Drafting a will is an integral part of estate planning. However, two-thirds of Americans have no instructions for what to do with their funds when they die.
Part of the hesitancy may come from the discomfort of discussing death. Another concern is the time and expense. To expedite the process, people may turn to an online service, but they should consider whether or not doing so is optimal.
Online services may not offer sufficient guidance
A will needs to address an individual’s specific circumstances, which vary considerably from one person to another. Without professional guidance, a person who creates a will online may not understand how a life insurance policy, retirement account or investment fund may conflict with the will’s instructions for dispensing funds to beneficiaries.
A person might not sign the documents correctly
After a death, confusion can arise over the legitimacy of a will or estate plan. That misunderstanding can lead to legal conflicts among the family.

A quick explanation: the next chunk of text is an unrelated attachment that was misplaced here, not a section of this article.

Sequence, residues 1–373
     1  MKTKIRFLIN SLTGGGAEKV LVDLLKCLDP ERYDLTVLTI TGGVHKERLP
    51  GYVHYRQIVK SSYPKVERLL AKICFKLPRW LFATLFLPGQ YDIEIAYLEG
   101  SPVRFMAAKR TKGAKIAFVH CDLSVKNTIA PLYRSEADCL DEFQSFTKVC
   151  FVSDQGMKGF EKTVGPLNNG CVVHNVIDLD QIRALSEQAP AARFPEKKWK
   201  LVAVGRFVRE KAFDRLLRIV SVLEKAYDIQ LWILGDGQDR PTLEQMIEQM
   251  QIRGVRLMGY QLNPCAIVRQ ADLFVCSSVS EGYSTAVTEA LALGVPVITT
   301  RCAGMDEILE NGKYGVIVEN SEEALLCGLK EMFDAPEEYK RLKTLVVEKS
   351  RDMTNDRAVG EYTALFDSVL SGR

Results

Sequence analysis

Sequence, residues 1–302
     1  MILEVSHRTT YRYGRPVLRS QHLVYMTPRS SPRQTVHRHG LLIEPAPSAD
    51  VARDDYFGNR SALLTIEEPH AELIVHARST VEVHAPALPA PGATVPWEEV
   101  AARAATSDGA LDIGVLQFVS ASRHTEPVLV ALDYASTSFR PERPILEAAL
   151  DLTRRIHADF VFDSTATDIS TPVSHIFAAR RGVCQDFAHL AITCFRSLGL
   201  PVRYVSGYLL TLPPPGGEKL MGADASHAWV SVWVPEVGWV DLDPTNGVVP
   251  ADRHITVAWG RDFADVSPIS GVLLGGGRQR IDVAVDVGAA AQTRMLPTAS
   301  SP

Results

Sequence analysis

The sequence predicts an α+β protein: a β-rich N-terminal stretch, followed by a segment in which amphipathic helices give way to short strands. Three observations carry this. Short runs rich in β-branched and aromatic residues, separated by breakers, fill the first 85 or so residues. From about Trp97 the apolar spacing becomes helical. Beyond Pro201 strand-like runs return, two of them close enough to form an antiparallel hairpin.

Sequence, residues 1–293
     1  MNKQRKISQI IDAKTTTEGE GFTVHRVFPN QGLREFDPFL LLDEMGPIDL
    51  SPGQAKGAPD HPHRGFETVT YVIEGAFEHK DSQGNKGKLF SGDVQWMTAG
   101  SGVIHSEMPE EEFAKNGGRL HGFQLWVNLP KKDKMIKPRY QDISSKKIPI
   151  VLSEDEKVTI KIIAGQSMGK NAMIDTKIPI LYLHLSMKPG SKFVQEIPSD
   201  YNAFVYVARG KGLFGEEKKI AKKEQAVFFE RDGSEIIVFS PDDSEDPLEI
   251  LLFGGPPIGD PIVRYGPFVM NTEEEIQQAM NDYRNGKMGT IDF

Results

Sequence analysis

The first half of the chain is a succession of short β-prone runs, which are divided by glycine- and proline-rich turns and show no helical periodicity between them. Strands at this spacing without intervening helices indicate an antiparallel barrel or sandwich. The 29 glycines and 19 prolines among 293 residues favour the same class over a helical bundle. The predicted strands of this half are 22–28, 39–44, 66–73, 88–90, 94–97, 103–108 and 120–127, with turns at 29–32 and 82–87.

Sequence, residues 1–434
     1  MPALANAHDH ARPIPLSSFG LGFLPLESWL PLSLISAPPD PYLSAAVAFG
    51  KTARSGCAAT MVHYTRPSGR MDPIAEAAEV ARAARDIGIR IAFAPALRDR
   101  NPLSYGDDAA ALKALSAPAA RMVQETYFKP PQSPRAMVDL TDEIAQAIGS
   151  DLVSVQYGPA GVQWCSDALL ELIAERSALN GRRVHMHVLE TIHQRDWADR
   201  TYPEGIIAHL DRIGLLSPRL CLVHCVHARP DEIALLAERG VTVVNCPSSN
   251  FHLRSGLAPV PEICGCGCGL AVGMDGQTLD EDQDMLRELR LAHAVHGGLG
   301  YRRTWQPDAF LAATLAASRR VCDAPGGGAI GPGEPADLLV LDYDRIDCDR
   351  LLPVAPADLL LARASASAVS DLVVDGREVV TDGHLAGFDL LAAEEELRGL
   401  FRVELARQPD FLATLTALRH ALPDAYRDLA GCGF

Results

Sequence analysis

For example, Florida requires two witnesses to the signing of a will. Though the document does not need notarization, the lack of this stamp usually requires additional steps to prove the will is valid. That process could delay the distribution of the estate or invalidate the will.
Certain institutions might not accept wills from online companies
A will may be necessary to carry out specific actions at a bank or a hospital upon the testator’s death. These institutions could reject the document if it lacks specific features or has no legal professional to confirm its validity.
Various online companies provide estate planning documents quickly and cheaply. Though such services may be inexpensive now, they can be costly to the family later if even a minor error occurs.